"The United States remains committed to diplomacy. The United States also reserves all options to defend our friends and our interests in the region against the threats from North Korea. ["All options" is diplomatic code for the threat of military intervention. This option was effectively negated by Secretary Rice's statement affirming that the US "has no plans to attack NK."]
"So in response to North Korea's provocation, we will increase defense cooperation with our allies, including cooperation on ballistic missile defense [another boon to US defense industry exports] to protect against North Korean aggression [which the US has no intention of stopping or preempting], and cooperation to prevent North Korea from exporting nuclear and missile technologies. [Which the US will not do, any more than it does now. NK continues to export missiles to a variety of Middle Eastern countries, including Iran.]
"We will take the necessary actions to achieve these goals [no specifics]. We will work with the United Nations. We'll support our allies in the region. [Note the absolute refusal to do anything unilaterally in China's back yard - a clear signal the US is only bluffing.] And together we will ensure that North Korea understands the consequences if it continues down its current path. [What consequences if there are assurance of no military action?]
"I can remember the time when it was said that, 'The Bush administration goes it alone too often in the world,' which I always thought was a bogus claim to begin with. [Is Iraq too far away to remember?] And now all of a sudden, people are saying, you know, 'The Bush administration ought to be going it alone with North Korea.' [Here Bush is referring to others' call (including NK) for bilateral negotiations - not unilateral military action.] But it didn't work in the past, is my point. The strategy did not work. [It didn't work because Clinton and Bush gave them what they wanted with no inspection guarantees of compliance.]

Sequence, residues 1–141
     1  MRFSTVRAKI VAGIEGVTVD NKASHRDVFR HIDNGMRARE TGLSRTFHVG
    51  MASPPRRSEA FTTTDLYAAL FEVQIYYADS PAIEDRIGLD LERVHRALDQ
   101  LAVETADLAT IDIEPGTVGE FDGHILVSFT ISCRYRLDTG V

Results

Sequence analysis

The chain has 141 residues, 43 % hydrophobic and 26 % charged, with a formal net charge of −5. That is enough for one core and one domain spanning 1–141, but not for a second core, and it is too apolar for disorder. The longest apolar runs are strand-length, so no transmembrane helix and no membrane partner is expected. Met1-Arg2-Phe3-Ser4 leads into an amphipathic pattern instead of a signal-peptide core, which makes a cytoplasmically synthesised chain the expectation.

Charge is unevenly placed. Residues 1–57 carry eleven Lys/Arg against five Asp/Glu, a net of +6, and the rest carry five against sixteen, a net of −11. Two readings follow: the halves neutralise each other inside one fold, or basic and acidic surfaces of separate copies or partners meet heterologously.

"I learned a lesson from that and decided that the best way to convince Kim Jong Il to change his mind on a nuclear weapons program is to have others send the same message. [If the message is permissive and without any teeth, it doesn't matter how many nations join in the chorus - Kim will laugh it off.]"
Bush sees where this is heading and tries to head it off by bringing Iran into the discussion, as if he is intending to solve both problems diplomatically: "But the United States' message to North Korea and Iran and the people in both countries is that we have - we want to solve the issues peacefully. [Few experts believe him on Iran.]"
Now, watch the sly double standard for compliance he articulates for Iran as opposed to NK: "We said: There's a better way forward for you. Here's a chance, for example, to help your country economically. [More promises of aid, just like the failed accords of 1994]. And all you got to do is verifiably show that you're - in Iran's cases, that you've suspended your weapons program; in North Korea's case, that you've got international safeguards on your program. [Meaning, we're going to let NK have their nuclear weapons program, with safeguards against proliferation, but not Iran - even with international inspections!]"
The White House press, lackeys though they are, smell an opportunity to trap the president. One reporter asks, "What about the red line, sir?" Red lines are supposed to be "go no further" demands that if violated will result in military action. Bush evades setting a hard line, despite his numerous "we will NOT tolerate" statements: